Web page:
If anyone can build a online business locally that could keep at least 10% of that money in the county.
I’m not sure what you mean by credit card usage but if you look at the statistic on the central…
Denzil Doyle

There’s a lot to unpack in this sort of assumption.

The primary issue is the nature of the items being bought through online couriers. If local businesses were to want to capture that market share, they would have to consider factors such as:

  • Can I realistically produce substitutes for the items being bought?
    For e.g., Smart LCD TVs are a popular purchase through skyboxes. These are manufactured using raw materials from outside of T&T, and leveraging expertise and manufacturing economies of scale only available in other countries. Trinidad can develop capacities along these items’ supply chains, but that still doesn’t translate into a wholly natively produced products since items like these often have supply chains that span across multiple countries and competencies.
  • Can I competitively produce substitutes for the items being bought?
    For e.g., clothing. Again manufacturing processes become an issue that goes far beyond the payments issue we are concerned about. Can we produce clothing that is of a comparable quality at a competitive price to what folks purchase online? Do we even want to do this and leverage our finite local resources (human resource and material) for this versus finding something that is a far more high value proposition?
  • Can I effectively deliver produced substitutes for the items being bought?
    Assuming that folks are even able to overcome the hurdles above to produce viable substitutes, the next question becomes one of being able to attract sales and capture market share from already established platforms. The Amazon.com’s and macys.com’s of the world offer much more than just a storefront for purchasing items. They are platforms that aggregate demand and provide a rich shopping experience full of variety/options, user-submitted reviews and quick turnover on items based on identifying changing trends. Billions of dollars go into optimising how items are displayed, which are presented to the customer at any given time, and how customers can be coaxed into buying more and making return purchases. Their service levels on things like fulfilling warranties and seamlessly honouring returns are also things that we’d have to compete against. Finally, those seasonal deep discount sales that those platforms can do because of their high turnover inventories and significant economies of scale would surely be a challenge to replicate locally. These are an entirely different class of issues that are equally as important as the two points about producing items made before.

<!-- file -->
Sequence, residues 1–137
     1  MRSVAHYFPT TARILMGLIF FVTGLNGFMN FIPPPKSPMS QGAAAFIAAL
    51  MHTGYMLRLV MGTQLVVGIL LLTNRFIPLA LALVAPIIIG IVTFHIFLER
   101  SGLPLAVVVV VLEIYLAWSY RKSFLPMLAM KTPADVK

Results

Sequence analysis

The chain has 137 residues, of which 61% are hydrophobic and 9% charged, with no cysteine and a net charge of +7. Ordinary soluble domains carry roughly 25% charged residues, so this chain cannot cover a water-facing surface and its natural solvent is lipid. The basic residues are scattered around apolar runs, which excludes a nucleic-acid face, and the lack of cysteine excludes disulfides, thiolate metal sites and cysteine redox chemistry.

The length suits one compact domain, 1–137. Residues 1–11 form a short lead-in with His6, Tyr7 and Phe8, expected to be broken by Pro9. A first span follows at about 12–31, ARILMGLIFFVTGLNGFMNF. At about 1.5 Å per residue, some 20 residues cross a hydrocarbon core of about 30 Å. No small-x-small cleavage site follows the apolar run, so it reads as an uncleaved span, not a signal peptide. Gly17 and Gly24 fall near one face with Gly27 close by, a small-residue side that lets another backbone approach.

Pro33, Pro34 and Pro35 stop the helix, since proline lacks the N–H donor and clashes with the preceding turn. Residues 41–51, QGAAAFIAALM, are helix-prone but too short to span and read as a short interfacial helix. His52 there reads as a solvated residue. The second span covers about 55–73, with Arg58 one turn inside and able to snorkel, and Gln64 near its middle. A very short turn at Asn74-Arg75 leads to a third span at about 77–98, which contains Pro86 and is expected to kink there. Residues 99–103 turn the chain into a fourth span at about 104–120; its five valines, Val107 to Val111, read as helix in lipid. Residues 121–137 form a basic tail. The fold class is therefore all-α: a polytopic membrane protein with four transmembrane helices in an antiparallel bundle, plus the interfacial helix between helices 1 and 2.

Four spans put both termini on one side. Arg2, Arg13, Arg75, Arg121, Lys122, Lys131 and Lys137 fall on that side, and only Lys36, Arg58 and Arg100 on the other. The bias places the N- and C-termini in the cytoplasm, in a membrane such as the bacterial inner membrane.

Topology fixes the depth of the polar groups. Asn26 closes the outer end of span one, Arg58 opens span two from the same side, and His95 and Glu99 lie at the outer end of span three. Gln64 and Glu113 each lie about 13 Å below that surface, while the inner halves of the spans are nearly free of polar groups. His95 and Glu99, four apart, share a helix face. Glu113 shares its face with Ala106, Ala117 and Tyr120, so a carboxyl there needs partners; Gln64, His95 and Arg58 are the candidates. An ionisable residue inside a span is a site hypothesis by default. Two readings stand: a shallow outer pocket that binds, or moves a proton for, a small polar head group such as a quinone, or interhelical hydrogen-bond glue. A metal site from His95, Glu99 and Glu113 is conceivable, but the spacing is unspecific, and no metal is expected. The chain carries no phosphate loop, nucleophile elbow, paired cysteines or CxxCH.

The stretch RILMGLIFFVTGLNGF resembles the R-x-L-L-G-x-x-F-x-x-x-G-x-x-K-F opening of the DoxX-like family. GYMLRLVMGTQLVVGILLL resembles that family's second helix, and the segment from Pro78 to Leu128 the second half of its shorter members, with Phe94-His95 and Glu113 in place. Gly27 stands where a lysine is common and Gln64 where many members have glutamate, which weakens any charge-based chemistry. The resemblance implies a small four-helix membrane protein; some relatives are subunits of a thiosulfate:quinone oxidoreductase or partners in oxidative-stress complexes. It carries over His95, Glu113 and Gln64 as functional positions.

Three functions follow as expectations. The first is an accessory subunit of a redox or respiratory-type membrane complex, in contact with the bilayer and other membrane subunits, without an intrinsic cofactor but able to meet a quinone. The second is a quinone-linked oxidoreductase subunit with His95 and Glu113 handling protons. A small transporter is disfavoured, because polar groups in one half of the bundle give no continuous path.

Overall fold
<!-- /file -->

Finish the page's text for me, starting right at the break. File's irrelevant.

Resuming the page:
The nature of the world today is one of supply chains stretched across multiple countries. A strategy of trying to “produce locally” so as to not spend forex, or capture credit card transactions that would otherwise flow outside is not the right approach imo. Rather, we should be looking to high-value-generating activities that we can do, to plug in to these global supply chains and generate forex returns that would far outstrip what we could potentially repatriate by trying to produce locally or competitively satiate local demands for foreign items.

And in servicing these global markets, being able to meet the customers where they are (on web/mobile, and through familiar platforms) through the payment methods they actually possess becomes crucial to competiting effectively… which is why I believe the issue of fixing online payments in T&T needs to become a priority one at a systemic level.

p.s. I found the following to be a great podcast for unpacking that whole question of “global supply chains”

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